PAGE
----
Maryland's hospital price-setting may influence national cost-control models

Maryland's experience with healthcare cost controls is fairly unique. There, an independent state agency has been setting rates since 1977 for all patients who visit the state's acute-care hospitals, including Medicare-insured patients. The result has been a state where hospital costs fall well below the national average.

Attracted by this model, the White House and some congressional Dems have pushed to turn MedPAC into an independent agency setting Medicare rates. However, Maryland's experience suggests that these cost controls come with significant administrative burdens for hospitals. Maryland hospitals must turn over a raft of data to regulators, including patient diagnoses, demographic information and how much patients are billed. All of this data is made public, which must impose some stresses on providers, as well. 

On the other hand, Maryland hospitals seem to have enjoyed a more predictable profit margin than hospitals in other states--at around 2.5 percent to 3 percent--while margins have wavered dramatically in other states. That's true despite the fact that Maryland hospitals charged patients 20 percent above treatment costs in 2007, while hospitals nationwide average a 182 percent markup, the AHA says.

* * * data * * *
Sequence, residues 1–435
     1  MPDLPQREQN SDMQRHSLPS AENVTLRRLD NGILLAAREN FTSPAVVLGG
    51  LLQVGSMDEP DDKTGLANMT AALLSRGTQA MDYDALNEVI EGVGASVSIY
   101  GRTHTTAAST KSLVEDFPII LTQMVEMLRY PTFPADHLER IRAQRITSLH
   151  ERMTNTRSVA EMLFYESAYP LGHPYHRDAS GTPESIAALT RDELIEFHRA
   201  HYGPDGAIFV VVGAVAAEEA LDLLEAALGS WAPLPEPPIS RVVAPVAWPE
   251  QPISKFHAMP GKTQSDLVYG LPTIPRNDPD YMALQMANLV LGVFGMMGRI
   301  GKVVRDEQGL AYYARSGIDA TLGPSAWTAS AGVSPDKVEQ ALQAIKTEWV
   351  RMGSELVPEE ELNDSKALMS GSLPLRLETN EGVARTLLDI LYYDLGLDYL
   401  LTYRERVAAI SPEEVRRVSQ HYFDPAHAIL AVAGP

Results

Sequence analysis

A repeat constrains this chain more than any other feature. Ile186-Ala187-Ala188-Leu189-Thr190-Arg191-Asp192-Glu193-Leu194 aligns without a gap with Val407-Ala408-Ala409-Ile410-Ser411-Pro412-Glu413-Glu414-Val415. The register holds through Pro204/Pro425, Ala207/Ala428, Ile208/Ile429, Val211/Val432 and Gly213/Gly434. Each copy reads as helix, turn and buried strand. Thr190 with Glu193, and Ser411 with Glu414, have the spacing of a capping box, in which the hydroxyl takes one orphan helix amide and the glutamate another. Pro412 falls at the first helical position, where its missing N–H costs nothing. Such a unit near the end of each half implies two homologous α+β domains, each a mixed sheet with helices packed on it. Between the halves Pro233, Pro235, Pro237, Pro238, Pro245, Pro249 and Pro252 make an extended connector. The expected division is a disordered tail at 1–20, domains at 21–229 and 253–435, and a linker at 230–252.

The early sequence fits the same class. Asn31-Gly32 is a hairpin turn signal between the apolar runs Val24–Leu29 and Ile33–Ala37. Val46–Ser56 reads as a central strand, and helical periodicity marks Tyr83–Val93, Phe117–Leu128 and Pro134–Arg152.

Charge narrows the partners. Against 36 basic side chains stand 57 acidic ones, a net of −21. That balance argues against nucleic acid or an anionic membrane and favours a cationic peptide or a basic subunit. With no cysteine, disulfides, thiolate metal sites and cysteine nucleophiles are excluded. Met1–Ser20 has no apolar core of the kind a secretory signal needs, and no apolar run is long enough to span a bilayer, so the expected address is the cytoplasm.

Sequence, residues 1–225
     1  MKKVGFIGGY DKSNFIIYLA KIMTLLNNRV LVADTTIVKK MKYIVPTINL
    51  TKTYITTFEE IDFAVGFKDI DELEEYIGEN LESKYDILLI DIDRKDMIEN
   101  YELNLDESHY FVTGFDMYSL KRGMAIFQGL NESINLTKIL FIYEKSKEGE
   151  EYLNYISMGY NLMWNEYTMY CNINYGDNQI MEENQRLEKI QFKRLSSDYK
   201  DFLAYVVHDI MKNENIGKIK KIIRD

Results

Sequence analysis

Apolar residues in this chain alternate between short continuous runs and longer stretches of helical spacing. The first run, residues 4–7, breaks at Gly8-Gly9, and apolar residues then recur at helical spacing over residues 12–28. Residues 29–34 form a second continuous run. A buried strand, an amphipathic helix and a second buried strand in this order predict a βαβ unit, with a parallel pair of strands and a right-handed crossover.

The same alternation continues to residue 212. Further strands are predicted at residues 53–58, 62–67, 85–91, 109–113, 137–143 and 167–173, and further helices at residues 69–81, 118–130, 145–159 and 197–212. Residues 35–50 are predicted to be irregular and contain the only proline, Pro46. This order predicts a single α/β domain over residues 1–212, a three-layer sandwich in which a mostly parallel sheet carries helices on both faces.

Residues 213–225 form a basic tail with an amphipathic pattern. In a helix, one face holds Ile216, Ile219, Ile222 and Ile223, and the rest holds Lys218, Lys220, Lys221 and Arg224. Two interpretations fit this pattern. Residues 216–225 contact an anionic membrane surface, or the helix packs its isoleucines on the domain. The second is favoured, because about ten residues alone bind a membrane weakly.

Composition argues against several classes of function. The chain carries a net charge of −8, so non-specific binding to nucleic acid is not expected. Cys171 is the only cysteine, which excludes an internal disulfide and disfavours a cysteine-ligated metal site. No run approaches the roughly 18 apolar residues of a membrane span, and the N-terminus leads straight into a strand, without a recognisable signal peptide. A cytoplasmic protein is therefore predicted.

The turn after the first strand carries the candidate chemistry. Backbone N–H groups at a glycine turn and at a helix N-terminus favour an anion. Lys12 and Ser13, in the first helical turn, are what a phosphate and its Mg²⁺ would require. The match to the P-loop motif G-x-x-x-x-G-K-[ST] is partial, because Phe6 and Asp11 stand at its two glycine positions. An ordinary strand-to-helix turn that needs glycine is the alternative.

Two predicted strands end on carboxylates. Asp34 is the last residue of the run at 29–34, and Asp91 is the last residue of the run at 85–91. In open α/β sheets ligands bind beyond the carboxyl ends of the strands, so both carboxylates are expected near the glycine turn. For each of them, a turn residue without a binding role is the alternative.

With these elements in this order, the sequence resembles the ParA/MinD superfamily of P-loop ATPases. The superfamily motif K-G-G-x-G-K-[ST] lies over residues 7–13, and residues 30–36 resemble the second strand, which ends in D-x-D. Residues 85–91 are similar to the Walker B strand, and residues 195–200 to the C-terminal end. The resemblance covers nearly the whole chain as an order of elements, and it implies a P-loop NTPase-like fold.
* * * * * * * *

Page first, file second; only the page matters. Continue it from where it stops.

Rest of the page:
The system also stabilizes things between private and public payers. Hospitals enjoy higher Medicare and Medicaid rates than elsewhere in the U.S., which certainly does no harm, but in turn, they aren't allowed to cost shift losses from government payers to private health plans.

All of this seems to lend credibility to the notion of an independent rate-setting body for Medicare. On the other hand, if Medicare rates are controlled, but none of the other controls Maryland has imposed are in place, it's hard to imagine the U.S. as a whole, will see similar results.

To learn more about this issue:
- read this Wall Street Journal piece

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